After a few weeks of of trying to feed our munchkin solid foods and only having success with sweet potatoes and carrots, we decided to try bananas. By far my son’s favorite food.
I think its kind of funny that at the same time we introduced bananas to him he started screaming like a howler monkey! This stage is sooo funny. I love his face when he screams louder than he though he could… its a look of fright and delight.
Anyways, back to the bananas…
For any of you out there that is a little bit nervous about making your own homemade baby food, start with bananas. Its SUPER easy. Its so easy that you’ll wonder why anyone would ever buy a jar of bananas.
- Start with a VERY ripe banana. (See below for details on why it should be ripe)
- Peel the banana and break off a small piece (about 1 inch in length) and put it in a bowl. If the infant has already had bananas, then about 1/2 of a medium size banana is a regular serving.
- While using a fork, mash the bananas until there are no more chunky pieces. If its the first time, you might want to add some expressed breast milk or formula so the baby has a familiar taste, also.
- Remember that some babies like their food lumpier than others. So the consistency is really all up to the baby.
- That’s it… now feed the bananas to the baby!
- NOTE: If the baby is under 6 months old, you should probably put the banana in a blender with some breast milk or formula to make sure that it is liquid enough for the baby.
Why use ripe bananas?
Even if you don’t like bananas that are too ripe, its important that the banana is very ripe when feeding an infant, especially for the first time. Green bananas contain certain types of fatty acids (Short chain fatty acids) that are not digestible (at least in humans). Some people can easily eat green bananas, but some people get really bad gas if they do. You don’t want to discover whether or not your baby can tolerate green bananas. Don’t they cry enough anyways?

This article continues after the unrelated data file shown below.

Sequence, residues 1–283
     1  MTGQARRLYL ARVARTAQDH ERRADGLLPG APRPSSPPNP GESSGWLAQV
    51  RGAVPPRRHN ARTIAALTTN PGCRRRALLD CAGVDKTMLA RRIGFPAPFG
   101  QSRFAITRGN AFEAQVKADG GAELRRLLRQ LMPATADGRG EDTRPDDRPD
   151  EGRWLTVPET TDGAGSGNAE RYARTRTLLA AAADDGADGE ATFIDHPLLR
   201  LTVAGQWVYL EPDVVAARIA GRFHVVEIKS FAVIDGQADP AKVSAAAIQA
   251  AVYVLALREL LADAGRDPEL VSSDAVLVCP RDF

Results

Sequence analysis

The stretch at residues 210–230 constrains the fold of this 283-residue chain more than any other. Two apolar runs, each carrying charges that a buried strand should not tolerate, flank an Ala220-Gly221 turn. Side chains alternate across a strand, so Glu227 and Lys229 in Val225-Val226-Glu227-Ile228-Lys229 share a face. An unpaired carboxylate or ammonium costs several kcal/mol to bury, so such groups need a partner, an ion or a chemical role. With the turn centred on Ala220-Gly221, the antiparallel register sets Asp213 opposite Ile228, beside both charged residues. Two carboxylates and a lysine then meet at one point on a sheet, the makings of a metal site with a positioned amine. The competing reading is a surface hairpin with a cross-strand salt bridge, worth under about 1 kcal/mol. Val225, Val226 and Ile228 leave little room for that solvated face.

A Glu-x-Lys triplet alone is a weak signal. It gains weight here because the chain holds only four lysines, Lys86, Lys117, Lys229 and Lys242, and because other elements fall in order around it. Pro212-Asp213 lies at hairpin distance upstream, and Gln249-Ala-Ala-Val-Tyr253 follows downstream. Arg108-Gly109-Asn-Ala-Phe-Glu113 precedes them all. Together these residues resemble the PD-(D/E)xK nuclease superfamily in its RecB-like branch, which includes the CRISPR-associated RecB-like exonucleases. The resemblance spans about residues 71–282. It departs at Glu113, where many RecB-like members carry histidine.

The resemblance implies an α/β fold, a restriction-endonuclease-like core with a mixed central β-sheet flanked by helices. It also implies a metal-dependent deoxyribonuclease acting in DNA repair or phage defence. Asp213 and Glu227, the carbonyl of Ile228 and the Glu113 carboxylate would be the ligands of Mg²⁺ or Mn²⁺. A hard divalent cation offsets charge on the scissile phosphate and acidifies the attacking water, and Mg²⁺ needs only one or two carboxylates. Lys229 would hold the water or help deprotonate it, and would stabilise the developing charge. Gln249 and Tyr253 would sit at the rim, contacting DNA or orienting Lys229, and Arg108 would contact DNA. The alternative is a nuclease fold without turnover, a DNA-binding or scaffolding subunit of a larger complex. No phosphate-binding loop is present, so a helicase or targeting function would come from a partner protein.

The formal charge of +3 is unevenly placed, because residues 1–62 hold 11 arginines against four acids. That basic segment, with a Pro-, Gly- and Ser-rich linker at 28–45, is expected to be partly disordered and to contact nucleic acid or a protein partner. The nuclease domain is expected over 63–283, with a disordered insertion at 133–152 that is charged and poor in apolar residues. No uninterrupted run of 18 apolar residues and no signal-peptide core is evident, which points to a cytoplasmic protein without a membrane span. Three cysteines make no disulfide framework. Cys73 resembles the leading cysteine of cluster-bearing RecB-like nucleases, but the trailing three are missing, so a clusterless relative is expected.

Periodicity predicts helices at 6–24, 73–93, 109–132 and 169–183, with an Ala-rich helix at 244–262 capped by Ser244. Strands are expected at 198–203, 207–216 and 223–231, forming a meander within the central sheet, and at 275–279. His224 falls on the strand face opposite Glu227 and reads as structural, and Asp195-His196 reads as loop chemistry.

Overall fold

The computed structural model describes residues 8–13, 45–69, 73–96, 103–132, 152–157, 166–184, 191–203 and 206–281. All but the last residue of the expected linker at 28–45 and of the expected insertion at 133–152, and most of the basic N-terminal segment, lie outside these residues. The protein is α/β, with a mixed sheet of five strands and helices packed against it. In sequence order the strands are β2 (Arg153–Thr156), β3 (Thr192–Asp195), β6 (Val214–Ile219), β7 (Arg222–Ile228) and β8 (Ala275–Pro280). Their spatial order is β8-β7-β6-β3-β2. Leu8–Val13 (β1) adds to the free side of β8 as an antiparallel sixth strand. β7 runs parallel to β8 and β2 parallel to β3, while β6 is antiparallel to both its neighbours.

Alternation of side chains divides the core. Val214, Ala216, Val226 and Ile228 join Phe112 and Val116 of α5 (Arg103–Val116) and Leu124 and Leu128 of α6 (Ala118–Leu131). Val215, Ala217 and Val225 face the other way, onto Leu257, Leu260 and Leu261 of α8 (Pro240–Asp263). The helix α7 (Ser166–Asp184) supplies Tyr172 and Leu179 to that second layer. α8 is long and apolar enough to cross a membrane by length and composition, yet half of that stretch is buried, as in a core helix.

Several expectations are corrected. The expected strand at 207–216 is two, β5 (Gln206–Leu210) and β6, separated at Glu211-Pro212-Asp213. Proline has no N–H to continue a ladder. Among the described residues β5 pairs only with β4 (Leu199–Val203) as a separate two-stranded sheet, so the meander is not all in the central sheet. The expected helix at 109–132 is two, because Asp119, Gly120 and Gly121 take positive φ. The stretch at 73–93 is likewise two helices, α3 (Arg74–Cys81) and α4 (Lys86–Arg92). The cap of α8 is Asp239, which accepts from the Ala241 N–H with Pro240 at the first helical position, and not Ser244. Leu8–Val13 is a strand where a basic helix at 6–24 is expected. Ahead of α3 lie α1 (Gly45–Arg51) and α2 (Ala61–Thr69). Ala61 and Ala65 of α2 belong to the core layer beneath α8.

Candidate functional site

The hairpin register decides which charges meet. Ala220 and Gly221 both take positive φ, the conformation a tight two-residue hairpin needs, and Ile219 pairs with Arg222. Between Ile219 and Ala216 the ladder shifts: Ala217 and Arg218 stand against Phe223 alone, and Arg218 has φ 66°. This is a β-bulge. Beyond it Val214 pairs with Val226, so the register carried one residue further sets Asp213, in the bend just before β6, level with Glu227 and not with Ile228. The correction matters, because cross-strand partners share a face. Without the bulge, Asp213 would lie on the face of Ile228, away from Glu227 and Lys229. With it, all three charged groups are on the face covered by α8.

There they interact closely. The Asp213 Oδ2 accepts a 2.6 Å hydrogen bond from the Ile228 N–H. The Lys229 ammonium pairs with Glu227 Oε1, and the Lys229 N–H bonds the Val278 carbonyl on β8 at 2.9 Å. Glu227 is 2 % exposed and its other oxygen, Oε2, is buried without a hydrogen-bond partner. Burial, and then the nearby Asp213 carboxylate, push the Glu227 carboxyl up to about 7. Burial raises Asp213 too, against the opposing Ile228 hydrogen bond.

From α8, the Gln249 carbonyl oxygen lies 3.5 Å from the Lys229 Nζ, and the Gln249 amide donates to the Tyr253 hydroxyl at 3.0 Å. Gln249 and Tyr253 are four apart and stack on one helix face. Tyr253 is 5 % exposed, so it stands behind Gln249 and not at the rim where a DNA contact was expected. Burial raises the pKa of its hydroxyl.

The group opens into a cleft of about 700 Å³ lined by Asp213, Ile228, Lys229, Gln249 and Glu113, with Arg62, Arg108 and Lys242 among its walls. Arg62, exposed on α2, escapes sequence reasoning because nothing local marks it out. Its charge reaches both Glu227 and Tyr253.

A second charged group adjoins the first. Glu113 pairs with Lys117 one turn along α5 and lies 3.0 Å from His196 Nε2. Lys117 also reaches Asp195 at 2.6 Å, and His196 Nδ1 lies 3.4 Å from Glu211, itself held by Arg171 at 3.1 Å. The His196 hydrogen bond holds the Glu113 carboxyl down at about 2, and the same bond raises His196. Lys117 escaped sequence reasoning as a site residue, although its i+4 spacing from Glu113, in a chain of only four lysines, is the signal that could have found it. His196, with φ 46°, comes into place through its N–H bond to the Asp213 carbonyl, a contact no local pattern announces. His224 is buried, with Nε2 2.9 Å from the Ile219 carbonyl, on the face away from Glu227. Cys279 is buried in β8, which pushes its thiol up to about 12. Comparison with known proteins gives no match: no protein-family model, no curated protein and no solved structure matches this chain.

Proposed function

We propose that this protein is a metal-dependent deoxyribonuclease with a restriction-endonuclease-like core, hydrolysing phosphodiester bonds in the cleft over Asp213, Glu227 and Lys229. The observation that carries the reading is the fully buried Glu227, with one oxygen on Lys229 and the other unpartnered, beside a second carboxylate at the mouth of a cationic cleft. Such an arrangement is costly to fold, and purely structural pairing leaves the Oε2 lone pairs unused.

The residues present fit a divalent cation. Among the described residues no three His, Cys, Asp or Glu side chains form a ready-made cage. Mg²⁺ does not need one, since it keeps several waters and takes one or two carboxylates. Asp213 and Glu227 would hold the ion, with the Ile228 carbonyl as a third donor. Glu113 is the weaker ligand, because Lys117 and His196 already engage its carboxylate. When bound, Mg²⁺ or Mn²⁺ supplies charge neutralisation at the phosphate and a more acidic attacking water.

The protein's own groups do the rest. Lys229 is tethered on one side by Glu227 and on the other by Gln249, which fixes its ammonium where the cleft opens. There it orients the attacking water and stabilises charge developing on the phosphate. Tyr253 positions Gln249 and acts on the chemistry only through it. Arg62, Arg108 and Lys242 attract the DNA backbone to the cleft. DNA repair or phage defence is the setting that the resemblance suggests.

However, the most important reason to use ripe bananas is that the antioxidant level in fruits gets the highest at the point right before spoiling.
Ripe bananas can be placed in the refrigerator but don’t put the green ones in there. Once a banana gets cold, the ripening process stops and can’t resume even when it comes out. The best thing to do is to leave it on a counter or you can get one of those handy-dandy banana holders that help keep your bananas safe from bruising.
If you need a banana to ripen quicker, put it in a paper bag or wrap it on some newspaper. The paper helps speed up the ripening process. So, this is also a reminder to keep your ripe bananas away from paper towels and paper napkins!
After the banana is open, keep the peel if you don’t use it all at once. Wrap the banana up as best as possible in the peel and put it in a plastic baggie or an air tight container and put it in the fridge.
Once you’ve mashed up the bananas, you can store it in air tight containers in the fridge for about 3 days or up to 2 months in the freezer. So if you see that banana quickly ripening, mash it up and let baby enjoy it!